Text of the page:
more articles like this
A Meteor Shower and a Shy Planet
updated: May 24, 2014, 11:00 AM
By Chuck McPartlin
This weekend in Santa Barbara's skies there are two astronomical events that may
be worth looking at. No telescopes are necessary; simple eyeballs will do.
Images in this article are from Starry Night Pro and NASA.
I'm usually hesitant to promote meteor showers, especially newly predicted ones,
because they often prove to be duds, or people don't get away from light sources
and miss the fainter meteors, and end up disappointed. There's a meteor shower
this Friday night and Saturday morning that could potentially be quite a show,
though, and the hours aren't too onerous. Just remember - no guarantees!
There's a periodic comet discovered in 2004, called 209P/LINEAR, that's a dim
telescopic object this month. It orbits the Sun once every 5.1 years. Looking
back at what the history of its orbit was like, orbital dynamicists have
postulated that the Earth may pass through a cloud of debris left behind by
the comet in the 1700s. If this does indeed pan out, we may get a rate of
hundreds of meteors per hour between about 11 PM on Friday night through 1 AM
on Saturday morning, May 24. If you don't want to venture out and feed the
mosquitos, you can even catch it on webcasts accessible through the Sky and
Telescope link below.
To improve your chances of seeing the meteors that do occur, go to a dark
location with a good view of the sky, and plop down with your feet to the
north. The radiant point is in the obscure northern constellation Camelopardalis,
the Giraffe. Meteors may show up in any part of the sky, but they will appear
to be radiating from a spot 12 degrees down and left of Polaris. Just face
where the Big Dipper would be pouring its contents, and lie back or sit down
looking at as much sky overhead as you can.
Our second event is guaranteed to happen, and viewing it will only depend on
the weather. On Saturday and Sunday evening, just after sunset, look for the
elusive planet Mercury as twilight descends.
Not many people have seen Mercury, because it never strays more than 28 degrees
from the rising or setting Sun, and is thus shrouded in the glow of twilight. This
weekend, it will be at its greatest elongation for the year, at about 23 degrees
away. Because of the tilt of the Earth's axis relative to the ecliptic, the
fundamental plane of our solar system, Mercury's altitude above our horizon does
not correspond to its elongation, but in the evening skies of spring and morning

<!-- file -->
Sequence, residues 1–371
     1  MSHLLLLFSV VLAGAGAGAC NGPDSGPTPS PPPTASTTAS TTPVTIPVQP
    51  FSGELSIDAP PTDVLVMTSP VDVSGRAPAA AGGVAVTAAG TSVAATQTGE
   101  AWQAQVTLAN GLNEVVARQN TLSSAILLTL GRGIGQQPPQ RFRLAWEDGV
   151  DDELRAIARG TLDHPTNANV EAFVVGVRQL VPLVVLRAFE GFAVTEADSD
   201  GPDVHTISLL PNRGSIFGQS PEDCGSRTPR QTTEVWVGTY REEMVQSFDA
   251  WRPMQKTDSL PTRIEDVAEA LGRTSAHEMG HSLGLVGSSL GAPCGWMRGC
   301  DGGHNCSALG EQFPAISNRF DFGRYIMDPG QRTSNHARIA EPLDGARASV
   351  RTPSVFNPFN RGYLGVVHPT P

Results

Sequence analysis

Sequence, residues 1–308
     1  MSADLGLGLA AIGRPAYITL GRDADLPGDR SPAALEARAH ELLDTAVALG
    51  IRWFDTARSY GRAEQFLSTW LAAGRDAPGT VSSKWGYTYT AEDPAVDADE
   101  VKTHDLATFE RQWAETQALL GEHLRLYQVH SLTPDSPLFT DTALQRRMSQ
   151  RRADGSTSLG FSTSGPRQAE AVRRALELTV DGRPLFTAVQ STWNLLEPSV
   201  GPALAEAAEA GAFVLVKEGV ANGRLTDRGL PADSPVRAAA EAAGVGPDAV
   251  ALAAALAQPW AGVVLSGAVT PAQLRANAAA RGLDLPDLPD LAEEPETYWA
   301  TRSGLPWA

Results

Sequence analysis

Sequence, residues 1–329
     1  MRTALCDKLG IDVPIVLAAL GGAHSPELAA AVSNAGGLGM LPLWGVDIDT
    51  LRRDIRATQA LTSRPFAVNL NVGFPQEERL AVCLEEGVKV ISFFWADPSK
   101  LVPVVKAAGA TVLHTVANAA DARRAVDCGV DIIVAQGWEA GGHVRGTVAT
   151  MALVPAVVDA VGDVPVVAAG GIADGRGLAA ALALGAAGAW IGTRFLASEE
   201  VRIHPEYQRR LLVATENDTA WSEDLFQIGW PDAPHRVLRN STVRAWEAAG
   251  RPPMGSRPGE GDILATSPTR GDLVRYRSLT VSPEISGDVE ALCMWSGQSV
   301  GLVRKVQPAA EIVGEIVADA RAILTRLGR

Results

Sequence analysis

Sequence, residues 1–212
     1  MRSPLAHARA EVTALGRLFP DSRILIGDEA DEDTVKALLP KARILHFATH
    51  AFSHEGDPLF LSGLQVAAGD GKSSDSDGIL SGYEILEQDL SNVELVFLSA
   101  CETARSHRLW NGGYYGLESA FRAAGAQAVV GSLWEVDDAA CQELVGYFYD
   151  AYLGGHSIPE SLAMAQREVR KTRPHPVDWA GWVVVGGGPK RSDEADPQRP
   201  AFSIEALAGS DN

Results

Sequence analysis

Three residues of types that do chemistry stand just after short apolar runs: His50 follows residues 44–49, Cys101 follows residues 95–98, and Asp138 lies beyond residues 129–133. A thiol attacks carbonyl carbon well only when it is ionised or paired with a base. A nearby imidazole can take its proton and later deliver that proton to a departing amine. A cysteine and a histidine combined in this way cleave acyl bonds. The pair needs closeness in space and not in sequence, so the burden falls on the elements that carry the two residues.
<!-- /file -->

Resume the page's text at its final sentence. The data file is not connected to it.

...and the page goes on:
skies of autumn, the plane of the ecliptic is most nearly perpendicular to our
horizon, so Mercury is higher.
Jupiter will be the brightest object in that part of the sky, and Mercury will
be along the line from Jupiter to where the Sun set. Castor and Pollux will be
above and right from Jupiter, and Procyon to its left. Capella will shine above
and right of Mercury. At 8:30 PM, Mercury will be about 14.5 degrees above a
hypothetical flat horizon. Ten degrees is about the span of your fist held at
arm's length, a proportion that holds true for most people.
Mercury is the smallest of the eight major planets, with a diameter of just
3031 miles. That's not a Band-Aid on Mercury - that's just the part of Mercury
that didn't get imaged by the Mariner 10 spacecraft in 1974/1975. Mercury is the
closest planet to the Sun at only 36 million miles, and it's named for a guy
with wings on his feet because it orbits the Sun in only 88 days. Despite its
proximity to the Sun, it's not the hottest planet. Venus takes that prize with
its thick blanket of carbon dioxide atmosphere. Nonetheless, Mercury's sunlit
side is toasty, reaching 800 degrees Fahrenheit. With no atmosphere to speak of,
the side of the planet facing away from the Sun cools to -261 Fahrenheit.
Dress in layers if you plan to visit.
Booking your hotel room by the Mercurian year will seem cheaper, since Mercury's
axial rotation rate of 59 days combines with its 88 day orbit to put the Sun in
its sky for 2 Mercurian years at a time, the longest solar day of all the planets.
Plan on losing weight, not only from the sauna, but from Mercury's lower surface
gravity, only 39% of Earth's. Your mass, alas, remains the same.
Mercury was the swift Messenger of the Gods, and the NASA wonk who came up with
the name of the current spacecraft mission to Mercury should get a medal. It's
MESSENGER, for MErcury Surface, Space ENvironment, GEochemistry, and Ranging.
MESSENGER has mapped the entire surface of the planet, returning plenty of
great images. Craters on Mercury are named after artists and musicians, but prior
to receiving their final monikers, the following craters got some humorous
temporary code names.
This was the "telephone handset" crater. In a few years, nobody will know what
the heck that means.
This, naturally, was the "Mickey Mouse" crater. I would have expected that on Pluto.
And, lastly, the "Bigfoot" craters. Without asbestos slippers, he's probably back in the
Washington rainforest cooling his heels.
References for a Cloudy Evening
Sky and Telescope May Meteors
2 comments on this article. Read/Add
# # # #